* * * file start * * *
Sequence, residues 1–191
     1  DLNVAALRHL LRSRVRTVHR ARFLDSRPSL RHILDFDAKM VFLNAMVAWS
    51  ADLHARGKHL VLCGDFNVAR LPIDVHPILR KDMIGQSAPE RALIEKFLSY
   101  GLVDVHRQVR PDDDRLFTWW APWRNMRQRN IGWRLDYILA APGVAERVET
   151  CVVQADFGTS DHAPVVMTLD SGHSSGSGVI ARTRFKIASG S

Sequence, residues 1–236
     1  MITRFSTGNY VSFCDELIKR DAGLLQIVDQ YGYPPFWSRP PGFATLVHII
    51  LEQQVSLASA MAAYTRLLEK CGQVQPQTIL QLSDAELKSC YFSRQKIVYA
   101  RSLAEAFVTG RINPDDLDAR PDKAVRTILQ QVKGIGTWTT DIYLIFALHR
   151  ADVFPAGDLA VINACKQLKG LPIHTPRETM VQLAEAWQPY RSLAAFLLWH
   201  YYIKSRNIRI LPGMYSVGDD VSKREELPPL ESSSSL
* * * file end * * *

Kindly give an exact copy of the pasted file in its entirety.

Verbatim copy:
Sequence, residues 1–191
     1  DLNVAALRHL LRSRVRTVHR ARFLDSRPSL RHILDFDAKM VFLNAMVAWS
    51  ADLHARGKHL VLCGDFNVAR LPIDVHPILR KDMIGQSAPE RALIEKFLSY
   101  GLVDVHRQVR PDDDRLFTWW APWRNMRQRN IGWRLDYILA APGVAERVET
   151  CVVQADFGTS DHAPVVMTLD SGHSSGSGVI ARTRFKIASG S

Sequence, residues 1–236
     1  MITRFSTGNY VSFCDELIKR DAGLLQIVDQ YGYPPFWSRP PGFATLVHII
    51  LEQQVSLASA MAAYTRLLEK CGQVQPQTIL QLSDAELKSC YFSRQKIVYA
   101  RSLAEAFVTG RINPDDLDAR PDKAVRTILQ QVKGIGTWTT DIYLIFALHR
   151  ADVFPAGDLA VINACKQLKG LPIHTPRETM VQLAEAWQPY RSLAAFLLWH
   201  YYIKSRNIRI LPGMYSVGDD VSKREELPPL ESSSSL